A few weeks ago, I did not make it to bed. Over two metres of water were cascading down the streets of my local village after the nearby river – the Hoëgne in Wallonia – burst its banks following terrible rainstorms.
My cellar was flooded, but living on relatively high ground, we were the lucky ones. The torrents of water devastated houses, schools and shops.
Many people I know have lost everything. And many people lost their lives in the nearby village of Pepinster which even today still looks like a post-war landscape.
It is not only Belgium which has suffered, of course. Waterways in Germany, Belgium, Switzerland and other European countries all burst their banks following extreme rainfall this summer – scenes that are now being repeated in New York and New Jersey.
Rivers important for our survival
Rivers are vital to our survival and wellbeing. They are a source of water for nature and people, a home for rich and varied living species, and a major economic asset, as well as a location for leisure activities. However, the awful scenes many of us just experienced will not be a one-off. Scientists say that deadly rains and flooding have become much more likely due to climate change.
Clearly, governments are not doing enough to tackle the causes of climate change – which is why the upcoming Climate Change Conference (COP26) in Glasgow is so critical. Even the EU’s updated climate target of a net 55% emissions cut by 2030 is too low. Science shows a gross reduction of 65% on 1990 levels target is the bare minimum we need to keep temperature rise to 1.5°C.
But in addition to these crucial emissions cuts, we need to change the way our land and natural resources are managed. We must restore nature not only to absorb carbon from the air but to store water and act as buffers to protect people and communities. We need to help rivers and wetlands to function as they should – including how they store water and how they move sediments.
In practical terms, this means re-creating or restoring natural landscapes like floodplains – the flat areas which form over time near rivers – or wetlands which can take on excess water and delay runoff. Over time, these natural defences have been slowly reduced or erased, covered by drained farmland which speed up flows of water or by concrete in the form of roads, buildings, and houses.
The worst areas for this in Europe are the Tisza, Seine, Rhine and Meuse rivers, where nearly all the natural floodplain area has been lost. Many cities and governments have built dykes to attempt to contain the river. Yet as we have just seen, this is not a safe solution, and certainly not one for the long run.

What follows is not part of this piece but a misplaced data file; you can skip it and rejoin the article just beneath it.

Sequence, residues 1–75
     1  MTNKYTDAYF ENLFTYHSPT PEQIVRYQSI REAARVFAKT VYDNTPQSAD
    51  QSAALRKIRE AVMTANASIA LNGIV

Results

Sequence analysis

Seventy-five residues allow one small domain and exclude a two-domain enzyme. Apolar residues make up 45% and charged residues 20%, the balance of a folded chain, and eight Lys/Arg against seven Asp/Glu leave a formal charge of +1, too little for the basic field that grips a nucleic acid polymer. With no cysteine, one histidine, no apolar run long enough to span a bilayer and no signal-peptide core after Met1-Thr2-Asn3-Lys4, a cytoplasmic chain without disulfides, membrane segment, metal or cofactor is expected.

A recent report WWF commissioned from Deltares, an independent Dutch research institute in the field of water and subsurface, deals with the problem. The report found that – when impacts on water quality, nutrient retention and flood risk reduction are taken into account – restoring rivers and their floodplains is the most cost-efficient solution – as well as being the best for nature, biodiversity and people.
The benefits of river restoration
For example, in the Lower Danube and Danube Delta, researchers showed, maintaining and repairing the current, damaged embankments is estimated to cost €572 million per year. But if floodplains are restored in the area – at a cost of €7 billion to restore 4,000 km2 of land – the yearly savings on flood protection measures compared to current embankment repairs would come to €230 million.
What’s more, in the first case – maintaining the embankments only – €3.3 billion more would need to be spent on additional measures due to increased climate change risks by 2100. This shrinks to €1.36 billion if the floodplains are restored. And restoring floodplains is likely to boost the local economy through tourism and create as many as 250,000 local short-term jobs.
Even when a river flows through a natural valley – like the Rhine, for example – the river basin it is in can still provide space for water run-off from its tributaries. Other elements like trees and natural vegetation and the type of soil play an important role in easing flooding.
The benefits of restoration are clear. And with climate impacts set to worsen, it is imperative that these restoration projects begin today.
The EU recovery fund – the €750 billion ‘Recovery and Resilience Facility’ – provides an excellent opportunity for this to happen. National governments should use their recovery funding to invest in a safer future for their citizens by financing activities which will help tackle the climate and nature crisis and withstand future weather disasters.
River restoration also needs to be enshrined in law. The EU is currently preparing a Nature Restoration Law, and this must include legally binding, ambitious restoration targets, in particular for floodplains, wetlands, and all types of ecosystems that contribute to retain and store water.
WWF is calling for a legally-binding target of at least 15% of land and freshwater (650,000 km2) and 15% of the sea (1,000,000 km2) to be restored by 2030 both at EU and Member State level.
Restoring rivers and freshwater ecosystems is a question of survival, but also presents huge opportunities in terms of addressing the climate and nature crises, and boosting the economy. Europe has the responsibility and political opportunity to make it happen, as well as the money to finance it. If it is done properly, the rewards will be huge for people and nature.